If you’re in the mood for a good, old-fashioned comedy, check out “Enter Laughing” during its five-week run at the Jewish Ensemble Theatre in West Bloomfield Township.
The play is based on Carl Reiner’s semi-autobiographical novel. In “Enter Laughing,” a high school graduate wants to free himself from his well-meaning parents to pursue acting, though they’d prefer he marry and become a pharmacist. The aspiring actor juggles girlfriends and struggles with challenges in New York City in the 1930s.
David Kolowitz, a 17-year old fresh out of high school, leads the cast of 14 characters.
“He’s bright eyed and bushy tailed,” says TJ Corbett, who plays David. “The world is his oyster, and he’s everything I remember being like when I graduated from high school.”
Corbett explains that the 1930s New York of David’s world is a bevy of art and talent, and he is raring to get his piece of that artistic pie. In turn, David is constantly reminded of his naivete.
“He hasn’t been exposed to the world yet,” the actor says. “Instead of him gradually walking into the world and experiencing it, he just kind of tries to kick in the door, he stumbles in and falls flat on his face, and has to pick himself up from there.
“It’s a lot of fun to watch him work himself through a bite that’s kind of more than he can chew.”
The 28-year-old Corbett is familiar with youthful characters. He played the 15-year-old Ernie Harwell in the Mitch Albom play, “Ernie,” in the past four years.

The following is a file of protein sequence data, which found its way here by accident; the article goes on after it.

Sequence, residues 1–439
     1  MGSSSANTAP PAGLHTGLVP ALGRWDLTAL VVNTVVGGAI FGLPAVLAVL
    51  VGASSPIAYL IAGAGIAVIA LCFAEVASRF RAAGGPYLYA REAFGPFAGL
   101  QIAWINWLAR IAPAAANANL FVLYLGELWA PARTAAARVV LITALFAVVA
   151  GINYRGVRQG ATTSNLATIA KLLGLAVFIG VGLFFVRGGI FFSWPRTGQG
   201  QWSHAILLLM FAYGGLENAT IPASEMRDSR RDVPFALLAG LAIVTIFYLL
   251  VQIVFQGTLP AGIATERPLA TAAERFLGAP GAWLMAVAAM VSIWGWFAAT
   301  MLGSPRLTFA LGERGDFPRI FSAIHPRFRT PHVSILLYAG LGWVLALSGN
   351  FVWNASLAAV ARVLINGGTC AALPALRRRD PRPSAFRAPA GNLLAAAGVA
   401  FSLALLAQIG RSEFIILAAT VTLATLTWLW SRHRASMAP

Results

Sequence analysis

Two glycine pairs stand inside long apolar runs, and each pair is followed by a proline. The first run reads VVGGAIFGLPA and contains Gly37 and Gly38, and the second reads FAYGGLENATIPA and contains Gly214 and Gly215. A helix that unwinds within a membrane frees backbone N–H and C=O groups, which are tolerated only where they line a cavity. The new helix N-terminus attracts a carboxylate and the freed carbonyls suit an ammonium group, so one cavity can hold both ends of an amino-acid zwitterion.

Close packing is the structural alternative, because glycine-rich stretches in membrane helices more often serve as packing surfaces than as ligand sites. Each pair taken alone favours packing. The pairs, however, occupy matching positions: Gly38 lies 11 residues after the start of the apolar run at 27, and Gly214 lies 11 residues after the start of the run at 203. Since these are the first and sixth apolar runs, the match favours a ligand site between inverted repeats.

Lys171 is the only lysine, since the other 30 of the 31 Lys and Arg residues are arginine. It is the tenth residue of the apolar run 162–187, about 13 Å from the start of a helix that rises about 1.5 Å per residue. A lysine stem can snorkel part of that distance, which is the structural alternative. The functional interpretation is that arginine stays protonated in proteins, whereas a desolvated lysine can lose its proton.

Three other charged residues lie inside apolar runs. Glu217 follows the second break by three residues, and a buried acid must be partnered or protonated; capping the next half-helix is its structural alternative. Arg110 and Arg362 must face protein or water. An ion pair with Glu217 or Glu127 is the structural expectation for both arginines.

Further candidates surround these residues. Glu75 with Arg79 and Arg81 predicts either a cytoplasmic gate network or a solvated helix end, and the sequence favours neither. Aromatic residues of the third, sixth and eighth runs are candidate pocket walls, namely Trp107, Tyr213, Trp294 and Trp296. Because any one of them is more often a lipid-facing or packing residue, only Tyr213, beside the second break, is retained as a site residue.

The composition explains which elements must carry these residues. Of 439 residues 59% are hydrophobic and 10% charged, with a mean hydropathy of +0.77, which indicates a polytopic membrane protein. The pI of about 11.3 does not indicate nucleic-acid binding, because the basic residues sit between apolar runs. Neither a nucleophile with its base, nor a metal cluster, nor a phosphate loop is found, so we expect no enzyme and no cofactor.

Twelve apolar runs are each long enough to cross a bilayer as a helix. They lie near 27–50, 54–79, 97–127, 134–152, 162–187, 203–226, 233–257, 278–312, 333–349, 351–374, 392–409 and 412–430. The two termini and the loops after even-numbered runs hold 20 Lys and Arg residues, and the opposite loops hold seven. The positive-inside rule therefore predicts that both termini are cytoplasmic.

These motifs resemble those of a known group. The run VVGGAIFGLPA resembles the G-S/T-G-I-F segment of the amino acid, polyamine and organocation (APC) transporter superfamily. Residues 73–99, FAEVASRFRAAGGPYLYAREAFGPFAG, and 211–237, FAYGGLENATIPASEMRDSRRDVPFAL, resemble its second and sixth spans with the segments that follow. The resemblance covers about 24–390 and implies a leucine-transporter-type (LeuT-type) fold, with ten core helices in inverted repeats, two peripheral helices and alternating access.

“I’ve been able to take the idea of the 15-year-old and mature him a few years,” he says. “A lot of it is still fresh ’cause I kind of remember what an 18-year-old was like.”
Corbett says he gets a lot of inspiration from his 6-year-old son.
“He’s a little boy now, not a toddler,” he says. “And he kind of thinks he gets how the world works and is starting to ask those real questions.
“It’s just that, honest to goodness, you don’t understand, so you ask the question or you do the wrong thing and you put that stuff together.”
Mary Bremer, the play’s director, says she’s working with a wonderful, laugh-a-minute script.
“And it’s got all the caricatures that you meet in show business ... some are magnified, and none are underplayed.”
Aside from the humor, “Enter Laughing” offers a good look at life from the standpoint of artistic pursuits; David has to convince all the people around him that acting is his life’s calling.
“I’ve taught for many years on the college level,” Bremer says. “And I see parents who say, ‘I will pay for anything but theater,’ and they fear for their children.
“And you can understand the fear. You have to have a lot of chutzpah to go through this, to stick to it, to keep that love alive, or that love never really goes away.”
Bremer says part of her rehearsal process was holding conversations with the cast about being in theater, and she tells the story of an actor she knew.
“This was a man who said, ‘Well, I got married and my wife said, “You aren’t going to do this anymore,” ’ and I just listened.’
“And several people in the show looked at each other and said, ‘I could never do that. It’s part of me.’ ”
She further describes the play as a listen-to-your-heart, fight-and-strive-for-your-dreams kind of show.
“And it really applies to all professions,” she continues. “You’ve gotta have a dream. Cause if you haven’t got a dream, from the lyrics of the old song, ‘how you gonna make a dream come true?’ ”
Andrea Daniel is a Detroit-based freelance writer.
2 p.m. and 7:30 p.m.
Wednesdays, 7:30 p.m.
Thursdays, 5 p.m. and 8:30 p.m. Saturdays, 2 p.m.
Sundays (Nov. 2 at 2 p.m.
and 7 p.m.) through Nov. 16
Jewish Ensemble Theatre
6600 W. Maple,
West Bloomfield Township